Trash Travels: One Teddy Bear's Journey : Planet Money We find out what happened to that teddy bear from our show on trash. Did it end up in a landfill or was it sent out of the country to be recycled?
NPR logo Trash Travels: One Teddy Bear's Journey

Trash Travels: One Teddy Bear's Journey

Last week, for our show on the global business of trash, we talked to the MIT trash trackers. The researchers attached small trackers to three thousand pieces of garbage — an old cell phone, a sofa, a soda can, a banana peel, anything that people in Seattle brought them. Some things went to landfills. Others made it out of the country to be recycled.

Carlo Ratti, who ran the project, told us one woman brought in teddy bear. "She told us that it was a teddy bear she's [had] all of her life," said Ratti. "But actually now she had to throw it away, her boyfriend was telling her." The woman wanted to know where her teddy bear ended up, and when we heard her story, we did too. After we talked to Ratti, we asked the MIT people to dig into their database and pull the teddy bear's records.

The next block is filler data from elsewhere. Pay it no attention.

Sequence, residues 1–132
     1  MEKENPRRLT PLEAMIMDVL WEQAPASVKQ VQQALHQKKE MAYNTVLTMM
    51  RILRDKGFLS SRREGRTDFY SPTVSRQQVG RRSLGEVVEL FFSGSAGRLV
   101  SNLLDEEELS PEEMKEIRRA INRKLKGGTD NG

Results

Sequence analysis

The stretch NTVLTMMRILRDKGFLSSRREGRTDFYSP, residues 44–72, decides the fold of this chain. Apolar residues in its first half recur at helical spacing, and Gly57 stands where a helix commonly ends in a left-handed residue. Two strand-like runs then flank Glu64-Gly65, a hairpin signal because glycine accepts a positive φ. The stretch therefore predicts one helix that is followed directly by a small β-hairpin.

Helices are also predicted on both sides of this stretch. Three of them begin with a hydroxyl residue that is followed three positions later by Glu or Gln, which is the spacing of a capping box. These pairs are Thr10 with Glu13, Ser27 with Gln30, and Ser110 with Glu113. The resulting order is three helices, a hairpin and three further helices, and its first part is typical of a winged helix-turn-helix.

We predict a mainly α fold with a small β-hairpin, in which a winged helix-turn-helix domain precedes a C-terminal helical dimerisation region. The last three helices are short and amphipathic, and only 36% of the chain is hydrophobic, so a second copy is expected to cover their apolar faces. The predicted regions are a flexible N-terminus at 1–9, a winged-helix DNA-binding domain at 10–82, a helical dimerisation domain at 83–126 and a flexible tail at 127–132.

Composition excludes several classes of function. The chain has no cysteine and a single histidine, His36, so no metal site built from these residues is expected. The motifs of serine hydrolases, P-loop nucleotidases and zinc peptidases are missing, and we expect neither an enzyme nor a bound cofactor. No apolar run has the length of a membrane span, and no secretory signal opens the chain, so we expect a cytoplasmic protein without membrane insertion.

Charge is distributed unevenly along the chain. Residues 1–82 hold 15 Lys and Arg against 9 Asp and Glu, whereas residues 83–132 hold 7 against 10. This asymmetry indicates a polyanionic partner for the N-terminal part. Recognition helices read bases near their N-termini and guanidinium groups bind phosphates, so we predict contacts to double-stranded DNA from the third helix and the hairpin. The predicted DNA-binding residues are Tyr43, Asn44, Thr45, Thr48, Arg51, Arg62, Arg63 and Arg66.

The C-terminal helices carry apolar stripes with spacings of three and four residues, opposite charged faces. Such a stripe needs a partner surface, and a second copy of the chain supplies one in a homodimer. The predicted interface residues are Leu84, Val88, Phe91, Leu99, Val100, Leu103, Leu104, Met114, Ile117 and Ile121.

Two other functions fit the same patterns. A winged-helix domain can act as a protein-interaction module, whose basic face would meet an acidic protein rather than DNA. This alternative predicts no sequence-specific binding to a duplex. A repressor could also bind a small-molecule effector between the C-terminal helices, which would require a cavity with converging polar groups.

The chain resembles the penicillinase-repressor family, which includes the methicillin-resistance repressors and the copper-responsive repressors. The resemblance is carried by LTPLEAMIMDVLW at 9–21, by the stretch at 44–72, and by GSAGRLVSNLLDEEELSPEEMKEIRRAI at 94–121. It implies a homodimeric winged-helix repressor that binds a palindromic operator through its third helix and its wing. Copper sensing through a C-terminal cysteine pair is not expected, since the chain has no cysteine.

They sent us a spreadsheet with the longitudes and latitudes for all the stops the teddy bear made. I plugged it into Google Maps:

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The trip a teddy bear took after it was thrown in the trash.
Jess Jiang/NPR

The final row: 45.6405383347,-120.213110447

And the teddy bear goes to
Jess Jiang/NPR

I zoomed in:

It's a landfill.

Landfill!
Jess Jiang/NPR